encodings are supporting using different Event Stream locations.  For
   example, the Subscriber might send the following request:

   GET /restconf/data/ietf-restconf-monitoring:restconf-state/
            streams/stream=yang-push/access=xml/location HTTP/1.1
   Host: example.com
   Accept: application/yang.data+xml

   The Publisher might send the following response:

   HTTP/1.1 200 OK
   Content-Type: application/yang.api+xml
      <location
           xmlns="urn:ietf:params:xml:ns:yang:ietf-restconf-monitoring">
           https://example.com/streams/yang-push-xml
      </location>

   To subscribe and start receiving updates, the subscriber can then
   send an HTTP GET request for the URL returned by the Publisher in the
   request above.  The accept header must be "text/event-stream".  The



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   Publisher uses the Server Sent Events [W3C-20150203] transport
   strategy to push filtered Event Notifications from the Event stream.

   The Publisher MUST support individual parameters within the POST
   request body for all the parameters of a subscription.  The only
   exception is the encoding, which is embedded in the URI.  An example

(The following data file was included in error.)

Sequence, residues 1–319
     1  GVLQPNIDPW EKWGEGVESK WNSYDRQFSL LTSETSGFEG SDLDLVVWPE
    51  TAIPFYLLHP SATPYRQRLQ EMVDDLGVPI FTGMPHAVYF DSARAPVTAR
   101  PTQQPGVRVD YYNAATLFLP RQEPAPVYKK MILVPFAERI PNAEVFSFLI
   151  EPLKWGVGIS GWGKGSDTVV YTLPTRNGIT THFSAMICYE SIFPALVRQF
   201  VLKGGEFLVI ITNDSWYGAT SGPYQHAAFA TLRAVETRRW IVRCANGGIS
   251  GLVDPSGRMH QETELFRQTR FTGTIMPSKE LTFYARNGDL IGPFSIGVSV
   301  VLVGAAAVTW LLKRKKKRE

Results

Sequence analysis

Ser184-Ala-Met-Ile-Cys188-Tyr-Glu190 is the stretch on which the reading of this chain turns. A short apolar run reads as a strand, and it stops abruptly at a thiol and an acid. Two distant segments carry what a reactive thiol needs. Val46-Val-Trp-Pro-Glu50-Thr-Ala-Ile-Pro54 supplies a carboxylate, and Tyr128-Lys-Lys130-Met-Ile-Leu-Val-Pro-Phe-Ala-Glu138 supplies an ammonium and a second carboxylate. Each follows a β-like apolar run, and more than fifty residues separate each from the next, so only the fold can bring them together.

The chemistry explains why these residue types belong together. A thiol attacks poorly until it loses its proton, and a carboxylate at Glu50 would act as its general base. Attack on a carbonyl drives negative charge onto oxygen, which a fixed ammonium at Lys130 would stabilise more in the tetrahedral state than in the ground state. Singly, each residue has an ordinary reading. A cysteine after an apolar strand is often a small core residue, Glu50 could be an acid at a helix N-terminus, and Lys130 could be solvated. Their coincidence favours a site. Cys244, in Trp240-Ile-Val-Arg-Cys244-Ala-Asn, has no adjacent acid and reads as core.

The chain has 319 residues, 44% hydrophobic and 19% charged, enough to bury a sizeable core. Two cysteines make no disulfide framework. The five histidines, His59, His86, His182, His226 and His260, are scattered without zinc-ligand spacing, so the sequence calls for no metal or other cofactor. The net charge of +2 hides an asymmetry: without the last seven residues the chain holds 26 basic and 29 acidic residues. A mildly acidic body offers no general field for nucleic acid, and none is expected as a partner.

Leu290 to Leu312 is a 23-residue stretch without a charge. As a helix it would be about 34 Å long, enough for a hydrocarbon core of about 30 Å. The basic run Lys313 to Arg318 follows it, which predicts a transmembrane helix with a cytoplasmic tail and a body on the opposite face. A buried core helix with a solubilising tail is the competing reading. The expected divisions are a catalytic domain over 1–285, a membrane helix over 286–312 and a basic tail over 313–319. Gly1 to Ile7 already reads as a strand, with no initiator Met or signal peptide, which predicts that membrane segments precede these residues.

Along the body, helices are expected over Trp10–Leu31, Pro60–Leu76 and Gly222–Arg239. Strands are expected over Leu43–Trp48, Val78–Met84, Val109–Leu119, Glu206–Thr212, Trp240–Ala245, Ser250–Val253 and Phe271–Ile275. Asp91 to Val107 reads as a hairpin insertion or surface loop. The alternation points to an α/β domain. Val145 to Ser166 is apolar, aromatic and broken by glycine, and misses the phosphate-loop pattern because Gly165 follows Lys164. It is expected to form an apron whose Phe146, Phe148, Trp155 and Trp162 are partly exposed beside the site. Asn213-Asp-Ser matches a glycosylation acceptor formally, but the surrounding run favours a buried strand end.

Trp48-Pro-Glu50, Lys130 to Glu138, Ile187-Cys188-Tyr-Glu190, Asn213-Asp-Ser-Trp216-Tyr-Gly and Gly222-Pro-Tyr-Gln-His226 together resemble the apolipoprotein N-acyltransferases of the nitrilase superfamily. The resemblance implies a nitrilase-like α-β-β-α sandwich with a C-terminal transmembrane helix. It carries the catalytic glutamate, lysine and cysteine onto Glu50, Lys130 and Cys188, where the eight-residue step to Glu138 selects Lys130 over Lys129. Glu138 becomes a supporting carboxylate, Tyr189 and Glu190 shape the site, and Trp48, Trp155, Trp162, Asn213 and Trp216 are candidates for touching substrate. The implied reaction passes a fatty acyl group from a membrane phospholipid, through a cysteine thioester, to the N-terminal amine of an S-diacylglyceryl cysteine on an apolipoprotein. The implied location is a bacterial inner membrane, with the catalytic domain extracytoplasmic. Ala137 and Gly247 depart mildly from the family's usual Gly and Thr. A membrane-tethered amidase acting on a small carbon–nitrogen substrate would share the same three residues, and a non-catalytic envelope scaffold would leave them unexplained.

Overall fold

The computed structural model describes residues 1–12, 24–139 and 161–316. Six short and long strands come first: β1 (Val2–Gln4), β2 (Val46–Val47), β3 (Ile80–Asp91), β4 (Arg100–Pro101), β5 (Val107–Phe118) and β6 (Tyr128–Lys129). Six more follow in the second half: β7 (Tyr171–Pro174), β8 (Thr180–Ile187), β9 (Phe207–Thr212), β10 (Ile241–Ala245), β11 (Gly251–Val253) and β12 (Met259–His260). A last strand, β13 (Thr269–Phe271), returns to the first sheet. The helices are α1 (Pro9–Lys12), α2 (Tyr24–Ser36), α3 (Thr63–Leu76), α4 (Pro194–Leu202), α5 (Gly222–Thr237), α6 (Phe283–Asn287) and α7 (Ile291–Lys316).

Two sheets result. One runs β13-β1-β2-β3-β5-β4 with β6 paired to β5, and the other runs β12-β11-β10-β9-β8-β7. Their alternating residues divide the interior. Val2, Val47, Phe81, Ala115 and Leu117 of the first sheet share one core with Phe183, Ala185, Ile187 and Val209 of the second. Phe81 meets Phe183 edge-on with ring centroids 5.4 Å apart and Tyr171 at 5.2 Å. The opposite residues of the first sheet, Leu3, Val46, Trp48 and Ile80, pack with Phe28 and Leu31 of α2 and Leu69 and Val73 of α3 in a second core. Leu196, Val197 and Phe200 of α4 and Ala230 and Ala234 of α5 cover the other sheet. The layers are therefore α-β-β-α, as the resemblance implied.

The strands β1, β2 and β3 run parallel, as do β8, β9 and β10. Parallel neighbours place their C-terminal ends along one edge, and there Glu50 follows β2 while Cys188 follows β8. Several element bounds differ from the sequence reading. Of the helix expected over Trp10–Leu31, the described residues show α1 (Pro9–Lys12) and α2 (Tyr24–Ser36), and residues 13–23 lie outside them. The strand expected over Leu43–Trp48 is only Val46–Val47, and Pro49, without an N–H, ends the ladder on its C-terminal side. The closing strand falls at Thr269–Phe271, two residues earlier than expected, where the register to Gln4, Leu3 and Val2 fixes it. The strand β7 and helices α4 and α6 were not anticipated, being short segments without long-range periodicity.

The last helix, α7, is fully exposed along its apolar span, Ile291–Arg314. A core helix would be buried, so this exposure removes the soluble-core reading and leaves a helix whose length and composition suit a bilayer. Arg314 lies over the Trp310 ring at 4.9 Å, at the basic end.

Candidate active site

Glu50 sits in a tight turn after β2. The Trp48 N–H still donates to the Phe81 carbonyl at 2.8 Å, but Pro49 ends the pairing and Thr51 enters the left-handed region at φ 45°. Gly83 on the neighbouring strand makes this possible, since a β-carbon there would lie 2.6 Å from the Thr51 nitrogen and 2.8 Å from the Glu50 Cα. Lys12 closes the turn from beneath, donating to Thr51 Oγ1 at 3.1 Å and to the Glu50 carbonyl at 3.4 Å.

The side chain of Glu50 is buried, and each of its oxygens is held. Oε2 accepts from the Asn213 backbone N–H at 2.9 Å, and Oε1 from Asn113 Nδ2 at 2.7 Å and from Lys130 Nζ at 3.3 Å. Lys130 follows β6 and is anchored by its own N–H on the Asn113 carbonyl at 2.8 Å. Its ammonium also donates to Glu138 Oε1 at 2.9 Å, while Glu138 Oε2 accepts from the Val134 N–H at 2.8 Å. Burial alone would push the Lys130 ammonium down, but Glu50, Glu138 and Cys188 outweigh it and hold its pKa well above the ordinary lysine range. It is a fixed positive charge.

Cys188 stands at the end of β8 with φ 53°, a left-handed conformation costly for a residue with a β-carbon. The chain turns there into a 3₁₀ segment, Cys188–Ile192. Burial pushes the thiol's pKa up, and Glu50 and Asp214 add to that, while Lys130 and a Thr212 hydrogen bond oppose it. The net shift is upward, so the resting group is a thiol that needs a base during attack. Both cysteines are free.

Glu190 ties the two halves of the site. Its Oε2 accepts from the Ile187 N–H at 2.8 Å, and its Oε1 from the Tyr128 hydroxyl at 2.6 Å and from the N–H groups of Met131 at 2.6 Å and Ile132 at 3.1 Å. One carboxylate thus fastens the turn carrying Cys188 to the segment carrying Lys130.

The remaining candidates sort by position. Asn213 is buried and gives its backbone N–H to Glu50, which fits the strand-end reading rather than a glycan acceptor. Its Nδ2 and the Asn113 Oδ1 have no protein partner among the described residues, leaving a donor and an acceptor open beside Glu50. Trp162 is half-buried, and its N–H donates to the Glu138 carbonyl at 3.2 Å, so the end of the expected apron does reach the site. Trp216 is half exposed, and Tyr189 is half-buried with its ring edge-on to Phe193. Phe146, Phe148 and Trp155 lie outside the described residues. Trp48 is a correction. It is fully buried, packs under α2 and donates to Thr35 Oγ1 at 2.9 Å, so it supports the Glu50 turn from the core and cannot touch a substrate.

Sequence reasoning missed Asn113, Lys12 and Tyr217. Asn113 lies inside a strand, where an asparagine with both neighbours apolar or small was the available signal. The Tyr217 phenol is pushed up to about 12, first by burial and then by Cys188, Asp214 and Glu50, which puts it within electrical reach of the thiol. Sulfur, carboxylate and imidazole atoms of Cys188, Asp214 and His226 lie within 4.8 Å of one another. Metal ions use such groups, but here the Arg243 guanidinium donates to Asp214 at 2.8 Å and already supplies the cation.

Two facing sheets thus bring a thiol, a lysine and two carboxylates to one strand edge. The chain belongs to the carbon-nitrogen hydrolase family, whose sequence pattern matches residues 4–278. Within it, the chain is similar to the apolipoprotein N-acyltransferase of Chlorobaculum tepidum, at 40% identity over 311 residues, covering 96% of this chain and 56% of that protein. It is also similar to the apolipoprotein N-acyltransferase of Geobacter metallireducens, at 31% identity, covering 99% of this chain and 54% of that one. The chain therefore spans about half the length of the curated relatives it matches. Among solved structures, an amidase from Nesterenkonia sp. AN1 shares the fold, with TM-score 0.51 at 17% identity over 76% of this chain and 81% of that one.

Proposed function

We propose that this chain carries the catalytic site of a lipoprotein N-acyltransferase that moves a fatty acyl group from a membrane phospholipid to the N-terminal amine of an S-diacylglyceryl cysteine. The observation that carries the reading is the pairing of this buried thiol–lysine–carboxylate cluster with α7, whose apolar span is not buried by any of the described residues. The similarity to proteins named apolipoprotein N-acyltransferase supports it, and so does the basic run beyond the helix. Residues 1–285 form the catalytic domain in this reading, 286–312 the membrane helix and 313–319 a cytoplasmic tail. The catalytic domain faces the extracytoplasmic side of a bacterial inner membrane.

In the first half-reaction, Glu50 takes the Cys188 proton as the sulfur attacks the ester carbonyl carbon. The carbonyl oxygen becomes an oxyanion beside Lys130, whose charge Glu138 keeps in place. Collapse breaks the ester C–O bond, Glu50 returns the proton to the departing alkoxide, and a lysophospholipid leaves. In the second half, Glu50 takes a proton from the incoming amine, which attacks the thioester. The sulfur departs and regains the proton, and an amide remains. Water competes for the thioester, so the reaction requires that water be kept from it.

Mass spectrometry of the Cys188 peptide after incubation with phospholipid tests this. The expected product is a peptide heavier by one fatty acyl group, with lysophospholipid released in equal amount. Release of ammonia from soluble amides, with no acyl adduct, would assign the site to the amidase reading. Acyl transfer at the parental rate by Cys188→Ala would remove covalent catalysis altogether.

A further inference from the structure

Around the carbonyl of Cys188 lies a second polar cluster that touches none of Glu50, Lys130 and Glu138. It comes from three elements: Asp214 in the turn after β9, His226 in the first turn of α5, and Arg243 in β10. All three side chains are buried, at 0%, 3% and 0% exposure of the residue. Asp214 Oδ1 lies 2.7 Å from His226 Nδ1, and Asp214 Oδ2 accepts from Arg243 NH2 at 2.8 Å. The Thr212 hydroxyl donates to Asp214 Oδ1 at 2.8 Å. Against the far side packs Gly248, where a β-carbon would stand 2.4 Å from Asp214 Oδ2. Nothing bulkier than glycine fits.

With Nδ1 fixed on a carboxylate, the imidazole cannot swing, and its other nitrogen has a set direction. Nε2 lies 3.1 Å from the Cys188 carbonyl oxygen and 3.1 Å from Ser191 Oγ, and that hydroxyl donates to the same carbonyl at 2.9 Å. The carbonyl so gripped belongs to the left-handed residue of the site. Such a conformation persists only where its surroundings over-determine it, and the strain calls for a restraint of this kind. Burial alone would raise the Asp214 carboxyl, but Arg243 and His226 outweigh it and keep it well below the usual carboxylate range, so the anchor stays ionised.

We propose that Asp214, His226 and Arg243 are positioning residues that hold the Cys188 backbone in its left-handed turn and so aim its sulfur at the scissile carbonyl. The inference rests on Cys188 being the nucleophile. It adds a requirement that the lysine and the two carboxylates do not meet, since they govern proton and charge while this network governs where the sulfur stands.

of this is:

   // subtree filter = /foo
   // periodic updates, every 5 seconds
   POST /restconf/operations/ietf-event-notifications:
        establish-subscription HTTP/1.1
         Host: example.com
         Content-Type: application/yang-data+json

         {
           "ietf-event-notifications:input" : {
             ?stream?: ?push-data"
             ?period" : 5,
             "xpath-filter" : ?/ex:foo[starts-with(?bar?.?some']"
           }
         }

   Should the publisher not support the requested subscription, it may
   reply:


























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   HTTP/1.1 501 Not Implemented
   Date: Mon, 23 Apr 2012 17:11:00 GMT
   Server: example-server
   Content-Type: application/yang.errors+xml
       <errors xmlns="urn:ietf:params:xml:ns:yang:ietf-restconf">
          <error>
              <error-type>application</error-type>
              <error-tag>operation-not-supported</error-tag>
              <error-severity>error</error-severity>
              <error-message>Xpath filters not supported</error-message>
              <error-info>
                  <supported-subscription xmlns="urn:ietf:params:xml:ns: